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As the body of greenwashing litigation grows globally, New York’s Attorney General added a major case to the pile with a lawsuit against the world’s largest beef producer JBS. The case calls JBS’s climate messaging into question as the AG sees the company’s net zero greenhouse gas emissions by 2040 goal as directly conflicting with the company’s plans to ramp up production. A press release from the New York AG states:

“JBS Group and JBS USA repeatedly misled consumers with these claims while the company’s executives told their industry peers that they needed to use messaging targeted to climate-conscious consumers in order to remain competitive. In reality, when making these promises, JBS Group and JBS USA had not calculated the company’s total greenhouse gas emissions, and therefore had no way of knowing whether they could successfully reduce those emissions to net zero by 2040.”

The press release also states that the AG will seek to enjoin the company from future advertising based on greenwashing, and force JBS to pay disgorgement of all ill-gotten profits as well as penalties. The allegation that JBS has not calculated its GHG emissions is a major sticking point of the AG’s argument. But that appears inaccurate – the company’s Energy and Emissions webpage (specifically, the table named Greenhouse Gas Performance) makes it clear that the company has indeed calculated Scopes 1, 2 and 3 emissions since at least 2019. The press release makes no reference to, nor rebuts, that information.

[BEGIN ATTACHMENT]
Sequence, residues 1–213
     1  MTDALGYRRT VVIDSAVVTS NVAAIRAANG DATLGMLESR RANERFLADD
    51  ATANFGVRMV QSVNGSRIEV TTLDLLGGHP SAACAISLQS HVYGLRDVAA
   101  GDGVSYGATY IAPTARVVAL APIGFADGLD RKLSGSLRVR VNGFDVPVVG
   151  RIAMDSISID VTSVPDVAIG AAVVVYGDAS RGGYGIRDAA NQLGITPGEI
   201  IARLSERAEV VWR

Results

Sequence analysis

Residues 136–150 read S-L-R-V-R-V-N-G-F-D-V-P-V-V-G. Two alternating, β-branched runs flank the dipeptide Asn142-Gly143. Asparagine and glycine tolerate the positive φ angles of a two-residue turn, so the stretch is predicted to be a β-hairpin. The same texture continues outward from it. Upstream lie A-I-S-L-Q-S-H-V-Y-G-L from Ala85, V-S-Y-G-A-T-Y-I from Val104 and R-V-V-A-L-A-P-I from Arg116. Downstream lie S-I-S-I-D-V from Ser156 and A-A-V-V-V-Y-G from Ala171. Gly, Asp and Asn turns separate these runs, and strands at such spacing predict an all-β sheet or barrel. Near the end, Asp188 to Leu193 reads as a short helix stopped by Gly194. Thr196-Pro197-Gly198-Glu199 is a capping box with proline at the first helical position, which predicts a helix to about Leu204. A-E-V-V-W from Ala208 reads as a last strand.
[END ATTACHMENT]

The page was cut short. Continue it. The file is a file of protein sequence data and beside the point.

The case also raises some interesting questions about the nature of forward looking statements. Generally, a forward looking statement is considered safer than a historical statement because the promises made in the statement haven’t happened yet. This makes it very difficult to litigate against because there is no proof that the statement is false or misleading. However, the New York AG assumes that given JBS’s position today, their climate goals of 30% reduction in GHGs by 2030 and net zero emissions by 2040 are false and misleading. Yes, the AG could be correct that a company who hasn’t yet calculated its emissions cannot meet these targets, but that isn’t a certainty. Some may liken this enforcement to the plot of the Tom Cruise sci-fi thriller “Minority Report” (or the Phillip K. Dick novella on which it is based if you’re a stickler) – effectively the New York AG is trying to “stop greenwashing before it happens.”

We frequently talk about the need for companies to support sustainability advertising with facts. In the case of JBS, there appears to have been a major push to market sustainability. The NY AG argues that the company never actually invested in sustainability practices behind its climate messaging. This is another reminder that companies need to lead with high-quality ESG programs, not marketing claims – and be effective and clear in their communications.

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Photo credit: Rafael Henrique –

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The Editor

Zachary Barlow is a licensed attorney. He earned his JD from the University of Mississippi and has a bachelor’s in Public Policy Leadership. He practiced law at a mid-size firm and handled a wide variety of cases. During this time he assisted in overseeing compliance of a public entity and litigated contract disputes, gaining experience both in and outside of the courtroom. Zachary currently assists the editorial team by providing research and creating content on a spectrum of ESG… View Profile